At this point in my career if I have to get involved in a file it’s likely because it has gone sideways.  I can’t tell you how many files I have had to intervene in but let’s just say that if you stacked up all the files (I know.  A paper file metaphor??  Really Mike.  We’re all digital), they would be bigger than a bread box.

I can equally assure you that the vast majority of problems that I have had to deal with have come as a result of unmet expectations.  The simple reality in our business is that if you meet everyone’s expectations you are going to have happy suppliers and happy customers.  It really can be as simple as that.

Think about it.  Whether the expectation is around price, service or product when you make any kind of financial transaction you go in with certain expectations.  I like to buy my suits from Harry Rosen, or Henry Singer.  They are substantially more expensive than buying a suit at Moores.  One of the things that I enjoy about buying my suits there is the level of customer service that I receive.  Check that.  The level of service I expect to receive.  You see I’m not really that much of a fashionista and not really all that proficient at selecting items of clothing that work well together.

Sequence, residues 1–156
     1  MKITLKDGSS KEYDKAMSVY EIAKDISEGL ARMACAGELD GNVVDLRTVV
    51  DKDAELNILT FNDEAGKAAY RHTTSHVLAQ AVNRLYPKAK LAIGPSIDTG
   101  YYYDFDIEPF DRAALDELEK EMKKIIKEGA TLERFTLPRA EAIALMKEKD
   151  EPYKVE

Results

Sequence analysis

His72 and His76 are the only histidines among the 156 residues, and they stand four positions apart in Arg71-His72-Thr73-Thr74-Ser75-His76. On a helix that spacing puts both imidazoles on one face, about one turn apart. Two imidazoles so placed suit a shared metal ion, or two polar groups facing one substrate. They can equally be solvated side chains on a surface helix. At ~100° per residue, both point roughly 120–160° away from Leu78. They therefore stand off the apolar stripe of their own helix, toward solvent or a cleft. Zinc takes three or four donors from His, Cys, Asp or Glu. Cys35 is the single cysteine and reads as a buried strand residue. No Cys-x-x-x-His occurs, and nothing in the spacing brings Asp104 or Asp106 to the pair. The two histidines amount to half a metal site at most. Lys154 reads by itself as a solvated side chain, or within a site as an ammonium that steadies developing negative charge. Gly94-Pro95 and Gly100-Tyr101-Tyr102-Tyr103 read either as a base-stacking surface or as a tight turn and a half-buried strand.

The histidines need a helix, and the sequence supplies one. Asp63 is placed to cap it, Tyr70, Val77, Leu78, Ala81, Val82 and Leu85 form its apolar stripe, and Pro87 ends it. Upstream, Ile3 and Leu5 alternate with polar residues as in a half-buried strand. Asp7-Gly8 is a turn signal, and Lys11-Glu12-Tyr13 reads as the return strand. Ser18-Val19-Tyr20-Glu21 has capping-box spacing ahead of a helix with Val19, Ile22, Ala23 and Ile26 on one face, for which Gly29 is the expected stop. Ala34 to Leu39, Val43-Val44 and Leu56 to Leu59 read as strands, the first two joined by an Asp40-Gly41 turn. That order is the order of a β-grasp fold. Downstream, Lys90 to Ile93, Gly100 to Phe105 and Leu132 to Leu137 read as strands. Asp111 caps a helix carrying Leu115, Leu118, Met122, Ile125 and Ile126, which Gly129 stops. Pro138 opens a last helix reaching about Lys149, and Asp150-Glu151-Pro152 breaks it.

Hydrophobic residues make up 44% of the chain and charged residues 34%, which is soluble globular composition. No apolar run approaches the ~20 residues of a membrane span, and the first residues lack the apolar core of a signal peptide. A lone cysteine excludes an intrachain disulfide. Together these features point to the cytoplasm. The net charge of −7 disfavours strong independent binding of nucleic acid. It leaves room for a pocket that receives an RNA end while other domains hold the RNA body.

I expect that when I go into one of the high end clothing stores that I will be greeted by a sales person who is extremely skilled at selecting outfits.  I expect that I can raise my hands in the air, let them know the type of outfit I am desirous in attaining on any given day and have them “set me up”.  All I should have to do at the end of the experience is look in the mirror and say “Damn I look good”.  OK, I know clothes can only do so much but humor me would you.

I also expect that the quality of clothing that I am going to receive is going to be substantially above average, will feel good while I wear it and will stand the test of time.

These stores have spent a a lot of time, effort and marketing dollars to set my expectations.  If they deliver, I am happy.  If they exceed my expectations I am thrilled.  If they do not meet my expectations they likely lose a customer.